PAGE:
This brings us to a larger question, a common thread, that passes through all three stories and is possibly playing out in your own homes too! And that is the rather sick trend of parents (and teachers) coming in the way of their children’s dreams! If you have adolescent children you will relate to this even more. You are finding now that your child, who until now, was listening to you, does not want to be told ‘anything’. You are beginning to wonder if your child is focused on academics. You worry, therefore, for your child’s grades and job prospects. If this is happening in your home, let me tell you that YOU are losing it! Your worry is understandable. But you acting from that worry __ what you fear about your child’s future __ is totally unacceptable. Instead why can’t you act from faith __ in your child’s desire and ability to make intelligent, independent choices about her or his Life? And why can’t you have faith in your ability to guide, counsel and support your child’s vision for herself or himself? Your children want to live THEIR lives. Get this straight. If you have taught them good values and share a good bond with them, then, you have raised them well! You have got an ‘A’. Beyond this, please, let us__that you and me__not come in their way.
If a child wants to take up badminton or tennis or cricket as a career or act in movies or ride a cycle rickshaw or be a ragpicker, what, pray, is the harm? How many more doctors and engineers and lawyers and software programmers do we want to produce in this world? And if children don’t take those decisions how will we have next the Saina Nehwal or Roger Federer or Sachin Tendulkar or Amitabh Bachchan or Gandhi? How will we have a better world if we keep championing conservative, secure careers, accepting mediocrity in thinking and limiting the aspirations of our children?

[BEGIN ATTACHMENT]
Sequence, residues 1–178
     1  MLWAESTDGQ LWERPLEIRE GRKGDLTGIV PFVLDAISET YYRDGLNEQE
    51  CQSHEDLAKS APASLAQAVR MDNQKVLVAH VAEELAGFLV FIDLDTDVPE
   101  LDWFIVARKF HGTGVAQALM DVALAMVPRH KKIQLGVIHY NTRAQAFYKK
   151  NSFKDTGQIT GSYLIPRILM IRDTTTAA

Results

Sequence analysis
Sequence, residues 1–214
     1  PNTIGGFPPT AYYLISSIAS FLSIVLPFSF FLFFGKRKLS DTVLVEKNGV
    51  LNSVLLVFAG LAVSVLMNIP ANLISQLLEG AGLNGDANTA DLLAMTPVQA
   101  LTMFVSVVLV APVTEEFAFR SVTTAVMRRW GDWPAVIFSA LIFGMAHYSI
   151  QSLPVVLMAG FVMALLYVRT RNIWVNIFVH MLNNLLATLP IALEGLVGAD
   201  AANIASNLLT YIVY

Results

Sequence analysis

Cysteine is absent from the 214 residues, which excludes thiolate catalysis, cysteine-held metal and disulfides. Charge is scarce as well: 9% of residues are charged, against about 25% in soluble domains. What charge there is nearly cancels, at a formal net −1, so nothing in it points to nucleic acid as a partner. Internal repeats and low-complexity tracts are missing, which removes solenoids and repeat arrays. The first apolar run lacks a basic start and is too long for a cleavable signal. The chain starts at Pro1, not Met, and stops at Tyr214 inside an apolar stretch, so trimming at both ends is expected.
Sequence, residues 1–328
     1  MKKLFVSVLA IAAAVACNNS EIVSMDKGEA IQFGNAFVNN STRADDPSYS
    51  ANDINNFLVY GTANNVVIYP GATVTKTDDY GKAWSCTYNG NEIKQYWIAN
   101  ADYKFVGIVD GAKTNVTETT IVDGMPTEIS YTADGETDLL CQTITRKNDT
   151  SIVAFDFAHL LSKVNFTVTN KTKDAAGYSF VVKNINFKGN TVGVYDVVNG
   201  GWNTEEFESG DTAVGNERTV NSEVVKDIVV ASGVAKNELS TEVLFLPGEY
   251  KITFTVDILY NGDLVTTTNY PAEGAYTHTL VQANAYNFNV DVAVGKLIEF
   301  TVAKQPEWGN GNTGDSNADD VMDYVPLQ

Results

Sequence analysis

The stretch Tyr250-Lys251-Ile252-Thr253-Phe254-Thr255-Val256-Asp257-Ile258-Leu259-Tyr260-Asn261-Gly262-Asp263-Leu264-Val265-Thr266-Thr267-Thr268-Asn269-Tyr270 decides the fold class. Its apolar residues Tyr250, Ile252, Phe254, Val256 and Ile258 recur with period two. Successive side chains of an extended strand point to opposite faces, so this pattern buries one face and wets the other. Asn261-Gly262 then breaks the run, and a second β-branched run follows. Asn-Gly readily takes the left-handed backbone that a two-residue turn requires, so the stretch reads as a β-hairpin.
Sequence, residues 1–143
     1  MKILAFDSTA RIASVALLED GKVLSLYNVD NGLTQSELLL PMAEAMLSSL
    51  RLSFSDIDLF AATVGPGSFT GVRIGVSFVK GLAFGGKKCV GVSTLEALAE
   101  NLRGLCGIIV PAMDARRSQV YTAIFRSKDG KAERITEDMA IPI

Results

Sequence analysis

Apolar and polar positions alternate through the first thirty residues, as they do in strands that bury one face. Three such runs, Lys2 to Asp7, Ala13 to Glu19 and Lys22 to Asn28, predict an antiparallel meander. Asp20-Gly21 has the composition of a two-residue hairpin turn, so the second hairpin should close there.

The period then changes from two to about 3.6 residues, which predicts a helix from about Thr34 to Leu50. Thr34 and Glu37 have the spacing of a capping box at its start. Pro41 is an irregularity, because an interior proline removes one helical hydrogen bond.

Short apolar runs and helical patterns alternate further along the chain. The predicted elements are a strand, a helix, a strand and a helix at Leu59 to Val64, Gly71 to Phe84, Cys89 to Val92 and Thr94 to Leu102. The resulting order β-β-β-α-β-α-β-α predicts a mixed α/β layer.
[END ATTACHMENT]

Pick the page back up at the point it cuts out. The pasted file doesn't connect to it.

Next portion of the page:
Here’s a simple test that you may want to take in your private time. Do it with just yourself. If you are a parent, ask yourself:
- Am I doing what I enjoy doing and love doing or am I just earning a living?
- Given a choice wouldn’t I want to be doing something totally different from what I do to earn a paycheck just now?
- Do I want to see my child as a well qualified professional or do I wish for her or him to be a well-rounded human being?
- Will I feel proud my child owned a villa and four cars or will I be happier if she or he touched the lives of people, made a difference to this world and inspired millions?
You know what you answered. You know what needs to be done. You are not dumb-headed because you are the parent (or teacher) of such a beautiful, intelligent child! So, please, for heaven’s sake, get out of the way of your child’s future. Your child needs your love, your understanding, not your ‘help’ and certainly not your decisions that are born from your insecurities, fears and worries!